You’ll need extra iron for your baby. Signs of iron deficiency include feeling tired, and looking pale8. Talk to your midwife about taking an iron supplement.

      Focus on Calcium

      Calcium is an important mineral, and should form a key part of your diet. Adult women need 700mg of calcium each day, whether pregnant or not10 - a reduction from the 1000mg recommended for adolescent females between 11-18 years old11. According to one study, an adequate intake of calcium in pregnancy may also help to reduce the risk of pre-eclampsia and preterm birth12. Thankfully, calcium is found in plenty of foods, including:

      • Calcium-fortified breakfast cereals
      • Dairy products, including pasteurised milk, yogurt and hard cheese, like cheddar (not soft blue cheese, or soft cheese with a white rind)
      • Fish with edible bones (like sardines)
      • Nuts and seeds, especially almonds and sesame seeds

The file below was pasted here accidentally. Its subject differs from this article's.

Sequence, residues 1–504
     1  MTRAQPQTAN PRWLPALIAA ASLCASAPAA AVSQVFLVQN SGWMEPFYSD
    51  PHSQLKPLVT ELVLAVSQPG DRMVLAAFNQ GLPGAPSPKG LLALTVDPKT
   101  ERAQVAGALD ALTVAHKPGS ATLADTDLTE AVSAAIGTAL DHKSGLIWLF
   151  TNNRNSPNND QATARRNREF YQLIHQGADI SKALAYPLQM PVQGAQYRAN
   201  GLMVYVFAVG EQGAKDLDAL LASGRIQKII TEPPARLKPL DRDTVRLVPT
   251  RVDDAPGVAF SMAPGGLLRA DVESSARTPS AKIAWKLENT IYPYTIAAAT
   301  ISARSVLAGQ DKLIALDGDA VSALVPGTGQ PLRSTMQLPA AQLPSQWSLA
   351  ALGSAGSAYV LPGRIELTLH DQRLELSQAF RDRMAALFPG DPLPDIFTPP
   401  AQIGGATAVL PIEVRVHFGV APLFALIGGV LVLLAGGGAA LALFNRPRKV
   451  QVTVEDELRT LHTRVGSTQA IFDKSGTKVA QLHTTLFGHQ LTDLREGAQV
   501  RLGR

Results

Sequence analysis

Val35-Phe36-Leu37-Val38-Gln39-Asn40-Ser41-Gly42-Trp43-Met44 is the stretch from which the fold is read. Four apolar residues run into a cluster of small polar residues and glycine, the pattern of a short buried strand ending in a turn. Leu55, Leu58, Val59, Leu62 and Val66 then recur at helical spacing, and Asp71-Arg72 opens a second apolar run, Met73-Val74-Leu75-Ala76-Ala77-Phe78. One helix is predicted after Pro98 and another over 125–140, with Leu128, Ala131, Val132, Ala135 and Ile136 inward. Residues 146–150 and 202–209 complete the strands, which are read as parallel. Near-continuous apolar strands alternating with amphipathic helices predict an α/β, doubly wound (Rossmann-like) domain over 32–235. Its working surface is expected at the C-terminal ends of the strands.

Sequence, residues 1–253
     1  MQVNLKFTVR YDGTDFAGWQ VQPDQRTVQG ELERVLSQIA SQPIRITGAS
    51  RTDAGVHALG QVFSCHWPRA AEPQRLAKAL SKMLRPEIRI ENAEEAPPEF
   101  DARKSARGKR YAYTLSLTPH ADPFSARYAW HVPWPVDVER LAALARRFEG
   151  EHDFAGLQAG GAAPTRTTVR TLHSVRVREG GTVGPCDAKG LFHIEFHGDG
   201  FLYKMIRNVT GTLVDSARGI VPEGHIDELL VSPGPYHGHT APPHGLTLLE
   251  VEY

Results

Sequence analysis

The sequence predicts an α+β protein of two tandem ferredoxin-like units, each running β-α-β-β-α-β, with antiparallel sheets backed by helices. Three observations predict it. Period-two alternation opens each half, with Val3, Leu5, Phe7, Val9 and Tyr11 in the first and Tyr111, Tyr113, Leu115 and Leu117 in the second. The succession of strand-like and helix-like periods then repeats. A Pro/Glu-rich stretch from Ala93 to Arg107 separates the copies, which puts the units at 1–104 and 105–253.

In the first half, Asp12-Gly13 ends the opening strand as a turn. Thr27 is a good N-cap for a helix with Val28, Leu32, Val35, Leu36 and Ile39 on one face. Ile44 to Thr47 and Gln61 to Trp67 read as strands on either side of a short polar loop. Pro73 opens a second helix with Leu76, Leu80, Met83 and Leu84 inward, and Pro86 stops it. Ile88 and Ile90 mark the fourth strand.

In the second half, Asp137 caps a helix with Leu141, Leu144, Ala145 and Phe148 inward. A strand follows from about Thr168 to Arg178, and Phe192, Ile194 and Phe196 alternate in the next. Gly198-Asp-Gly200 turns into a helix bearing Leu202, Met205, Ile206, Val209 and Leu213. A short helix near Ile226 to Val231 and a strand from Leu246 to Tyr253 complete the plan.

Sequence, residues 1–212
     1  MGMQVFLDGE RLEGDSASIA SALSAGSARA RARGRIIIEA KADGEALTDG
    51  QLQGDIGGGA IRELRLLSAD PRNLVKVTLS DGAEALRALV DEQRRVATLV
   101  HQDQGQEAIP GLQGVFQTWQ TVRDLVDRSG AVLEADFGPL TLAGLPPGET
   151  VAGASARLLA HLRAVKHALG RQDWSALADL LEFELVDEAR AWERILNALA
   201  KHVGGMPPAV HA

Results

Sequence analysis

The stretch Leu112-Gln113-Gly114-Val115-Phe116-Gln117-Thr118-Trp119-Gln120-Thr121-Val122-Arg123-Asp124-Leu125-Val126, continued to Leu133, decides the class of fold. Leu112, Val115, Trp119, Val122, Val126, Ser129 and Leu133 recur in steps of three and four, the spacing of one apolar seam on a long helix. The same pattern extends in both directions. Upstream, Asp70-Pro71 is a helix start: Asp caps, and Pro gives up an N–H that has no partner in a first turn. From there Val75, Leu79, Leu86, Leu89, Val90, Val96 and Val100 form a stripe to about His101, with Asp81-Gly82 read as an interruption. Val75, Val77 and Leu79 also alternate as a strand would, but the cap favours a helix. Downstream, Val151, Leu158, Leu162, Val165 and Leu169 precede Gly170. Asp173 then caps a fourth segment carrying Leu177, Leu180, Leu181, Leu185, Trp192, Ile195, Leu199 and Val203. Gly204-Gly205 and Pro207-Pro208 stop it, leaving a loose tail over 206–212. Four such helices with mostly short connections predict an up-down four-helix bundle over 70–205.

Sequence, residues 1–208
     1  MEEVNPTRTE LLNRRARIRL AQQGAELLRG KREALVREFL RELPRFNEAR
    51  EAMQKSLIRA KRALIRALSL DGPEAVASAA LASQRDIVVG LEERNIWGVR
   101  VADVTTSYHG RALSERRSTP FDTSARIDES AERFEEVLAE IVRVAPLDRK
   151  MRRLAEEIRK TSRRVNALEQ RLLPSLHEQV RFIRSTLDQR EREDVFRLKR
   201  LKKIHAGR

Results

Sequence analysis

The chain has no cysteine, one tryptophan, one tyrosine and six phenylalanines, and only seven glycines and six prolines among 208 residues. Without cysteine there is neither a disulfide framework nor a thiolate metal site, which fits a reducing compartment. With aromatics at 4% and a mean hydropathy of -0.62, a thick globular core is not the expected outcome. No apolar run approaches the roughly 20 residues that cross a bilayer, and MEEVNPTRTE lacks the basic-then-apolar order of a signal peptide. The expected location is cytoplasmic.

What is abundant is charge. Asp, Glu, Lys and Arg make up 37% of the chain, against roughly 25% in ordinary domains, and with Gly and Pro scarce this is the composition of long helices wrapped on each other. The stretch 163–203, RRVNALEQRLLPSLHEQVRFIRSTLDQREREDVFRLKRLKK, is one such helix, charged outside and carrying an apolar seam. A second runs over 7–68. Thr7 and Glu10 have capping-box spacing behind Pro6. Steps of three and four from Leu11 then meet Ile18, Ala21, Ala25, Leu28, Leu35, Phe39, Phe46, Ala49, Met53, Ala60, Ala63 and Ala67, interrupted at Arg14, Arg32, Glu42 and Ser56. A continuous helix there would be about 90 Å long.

• Figs or dried apricots
      • Green vegetables like curly kale or spinach
      • Tofu
      • Calcium-fortified milk alternatives, such as certain oat milks

      The body can’t make calcium, so it can only be sourced through diet. If you’re not getting enough calcium each day from your diet, your body will use its own stores of calcium, which could affect your bone health.

      THE
      SCIENCE
      BEHIND

      CALCIUM

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      Ask anyone what calcium’s good for and you’ll hear ‘teeth and bones’. After all, that’s how 99% of calcium is used in the human body1. However, you shouldn’t discount the remaining 1%. This tiny amount gets just about everywhere: Almost every cell in our body uses calcium in some way13, and as your pregnancy develops, your body’s ability to absorb calcium increases14.